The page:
A juice cherry is an idyllic summertime treat for children and adults alike. With a ruby-red skin and a tiny pit, cherries are one of the tastiest species of fleshy drupes belonging to the Prunus group of trees.
Nutrition of a Cherry
These bitesize fruits contain potassium, fiber, iron, calcium, magnesium, plus vitamins A, B-6, and C. On top of that, cherries are chock-full of antioxidants providing healing effects and anti-inflammatory properties for the body. Recent research claims cherries have fat-fighting enzymes, and some experts suggest including low-calorie cherries as nutrient-rich snacks in weight loss plans. The best time to incorporate seasonally fresh cherries into your diet is from
June to August, when farmers markets are overflowing with sweet cherries. Although highly perishable, you can find fresh, frozen, dried, juiced, and canned cherries in stores year-round.
Many consider the all-American summertime dessert to be cherry pie, which is best when baked with sour cherries. Sour cherries tend to hold their round shape better than sweet cherries when cooked.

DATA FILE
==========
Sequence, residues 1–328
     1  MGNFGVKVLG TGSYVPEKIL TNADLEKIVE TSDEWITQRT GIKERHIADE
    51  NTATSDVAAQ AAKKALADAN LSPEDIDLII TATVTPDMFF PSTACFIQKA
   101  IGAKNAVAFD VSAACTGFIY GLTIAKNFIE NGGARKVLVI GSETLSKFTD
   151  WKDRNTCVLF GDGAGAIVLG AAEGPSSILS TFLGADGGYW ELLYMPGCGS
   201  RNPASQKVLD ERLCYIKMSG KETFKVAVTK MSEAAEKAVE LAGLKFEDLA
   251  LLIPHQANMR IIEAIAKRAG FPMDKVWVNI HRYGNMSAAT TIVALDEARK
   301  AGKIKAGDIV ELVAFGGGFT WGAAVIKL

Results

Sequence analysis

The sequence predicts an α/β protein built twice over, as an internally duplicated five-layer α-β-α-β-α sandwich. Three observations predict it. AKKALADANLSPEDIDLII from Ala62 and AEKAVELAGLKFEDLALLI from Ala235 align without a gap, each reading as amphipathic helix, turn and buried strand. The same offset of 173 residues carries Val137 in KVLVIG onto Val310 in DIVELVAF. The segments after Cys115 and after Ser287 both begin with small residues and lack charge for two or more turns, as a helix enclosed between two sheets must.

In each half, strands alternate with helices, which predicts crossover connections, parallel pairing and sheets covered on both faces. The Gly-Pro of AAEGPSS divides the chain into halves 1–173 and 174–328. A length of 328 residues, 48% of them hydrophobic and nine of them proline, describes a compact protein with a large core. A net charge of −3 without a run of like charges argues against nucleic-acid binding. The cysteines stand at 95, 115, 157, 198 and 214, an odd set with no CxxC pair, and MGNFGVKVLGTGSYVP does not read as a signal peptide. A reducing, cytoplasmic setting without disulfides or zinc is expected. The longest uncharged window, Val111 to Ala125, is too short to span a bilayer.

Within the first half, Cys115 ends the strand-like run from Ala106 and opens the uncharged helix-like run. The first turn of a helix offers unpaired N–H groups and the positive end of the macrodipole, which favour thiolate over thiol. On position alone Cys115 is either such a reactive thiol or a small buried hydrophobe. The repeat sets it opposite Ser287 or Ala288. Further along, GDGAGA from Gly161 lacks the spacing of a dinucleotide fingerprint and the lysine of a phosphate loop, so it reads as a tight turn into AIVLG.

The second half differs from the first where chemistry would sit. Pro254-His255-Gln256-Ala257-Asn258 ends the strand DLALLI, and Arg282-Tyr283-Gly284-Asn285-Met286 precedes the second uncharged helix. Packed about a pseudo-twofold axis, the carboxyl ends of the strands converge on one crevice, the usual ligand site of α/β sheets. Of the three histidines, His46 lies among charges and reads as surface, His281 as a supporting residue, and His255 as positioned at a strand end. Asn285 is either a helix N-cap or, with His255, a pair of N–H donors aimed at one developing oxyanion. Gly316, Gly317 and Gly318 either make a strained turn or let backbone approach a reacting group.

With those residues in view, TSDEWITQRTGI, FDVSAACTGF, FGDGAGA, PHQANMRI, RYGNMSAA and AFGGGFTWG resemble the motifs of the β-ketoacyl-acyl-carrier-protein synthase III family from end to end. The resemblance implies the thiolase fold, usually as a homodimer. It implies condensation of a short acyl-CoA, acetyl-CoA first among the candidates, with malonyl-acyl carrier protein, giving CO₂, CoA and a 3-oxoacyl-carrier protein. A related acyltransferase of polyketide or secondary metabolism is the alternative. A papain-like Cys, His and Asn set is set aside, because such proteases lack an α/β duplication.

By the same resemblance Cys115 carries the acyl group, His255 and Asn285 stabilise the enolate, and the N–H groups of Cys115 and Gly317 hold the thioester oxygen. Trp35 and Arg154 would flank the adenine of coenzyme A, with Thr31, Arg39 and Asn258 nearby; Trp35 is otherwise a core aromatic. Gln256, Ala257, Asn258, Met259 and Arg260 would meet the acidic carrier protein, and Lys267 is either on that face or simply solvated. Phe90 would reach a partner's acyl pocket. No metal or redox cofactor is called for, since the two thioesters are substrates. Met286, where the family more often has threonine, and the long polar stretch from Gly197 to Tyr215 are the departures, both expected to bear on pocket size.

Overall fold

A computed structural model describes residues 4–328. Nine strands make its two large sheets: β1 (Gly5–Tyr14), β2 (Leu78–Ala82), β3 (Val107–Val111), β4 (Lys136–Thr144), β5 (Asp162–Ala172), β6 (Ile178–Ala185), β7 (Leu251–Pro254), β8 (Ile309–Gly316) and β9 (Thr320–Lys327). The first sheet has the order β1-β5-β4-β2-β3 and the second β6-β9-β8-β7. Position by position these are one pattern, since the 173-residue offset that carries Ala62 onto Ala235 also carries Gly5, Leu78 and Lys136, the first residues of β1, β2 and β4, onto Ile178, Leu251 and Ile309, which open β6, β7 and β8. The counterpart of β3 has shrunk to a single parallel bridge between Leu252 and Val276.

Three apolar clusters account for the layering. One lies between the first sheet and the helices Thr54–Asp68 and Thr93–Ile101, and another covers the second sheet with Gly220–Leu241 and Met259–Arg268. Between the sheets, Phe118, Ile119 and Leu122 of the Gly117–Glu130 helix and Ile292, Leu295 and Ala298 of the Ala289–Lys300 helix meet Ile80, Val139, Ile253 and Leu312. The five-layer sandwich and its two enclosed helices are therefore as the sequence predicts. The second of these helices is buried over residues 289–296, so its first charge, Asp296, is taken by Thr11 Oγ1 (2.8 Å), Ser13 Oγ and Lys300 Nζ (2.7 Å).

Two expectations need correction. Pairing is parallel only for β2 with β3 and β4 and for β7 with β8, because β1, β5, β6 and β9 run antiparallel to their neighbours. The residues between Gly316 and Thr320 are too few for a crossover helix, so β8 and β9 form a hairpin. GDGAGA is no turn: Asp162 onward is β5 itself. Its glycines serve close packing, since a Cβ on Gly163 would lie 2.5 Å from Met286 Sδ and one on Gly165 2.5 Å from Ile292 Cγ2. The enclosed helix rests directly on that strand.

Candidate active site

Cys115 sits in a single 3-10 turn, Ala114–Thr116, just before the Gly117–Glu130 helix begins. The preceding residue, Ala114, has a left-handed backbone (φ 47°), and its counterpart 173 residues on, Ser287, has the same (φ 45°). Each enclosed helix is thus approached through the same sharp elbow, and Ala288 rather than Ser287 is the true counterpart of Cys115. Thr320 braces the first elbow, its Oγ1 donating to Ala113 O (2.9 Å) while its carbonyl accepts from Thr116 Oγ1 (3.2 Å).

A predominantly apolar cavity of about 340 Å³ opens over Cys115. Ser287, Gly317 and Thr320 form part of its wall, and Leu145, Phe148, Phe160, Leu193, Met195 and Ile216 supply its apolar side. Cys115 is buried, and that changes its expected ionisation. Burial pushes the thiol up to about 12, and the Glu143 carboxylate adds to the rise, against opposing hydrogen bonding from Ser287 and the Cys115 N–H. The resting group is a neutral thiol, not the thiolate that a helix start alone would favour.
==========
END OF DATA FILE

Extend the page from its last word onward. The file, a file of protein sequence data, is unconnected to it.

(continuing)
A sour cherry also provides an acidic, tart flavor that blends nicely with sugar and other sweeteners used in making pies, cakes, and pastries. When it comes to snacking, however, nothing can match the deliciousness of enjoying a chilled bowl of sweet cherries outside on a summer day.
Did you know experts also suggest that cherries may increase melatonin in the body and help you get your beauty rest? Do you have any cherry-picked facts to share or ideas for cherry recipes? Let us know via our Twitter or Facebook page. Our goal is to help you eat well, live long, and travel far! [Meet our Doctors Here]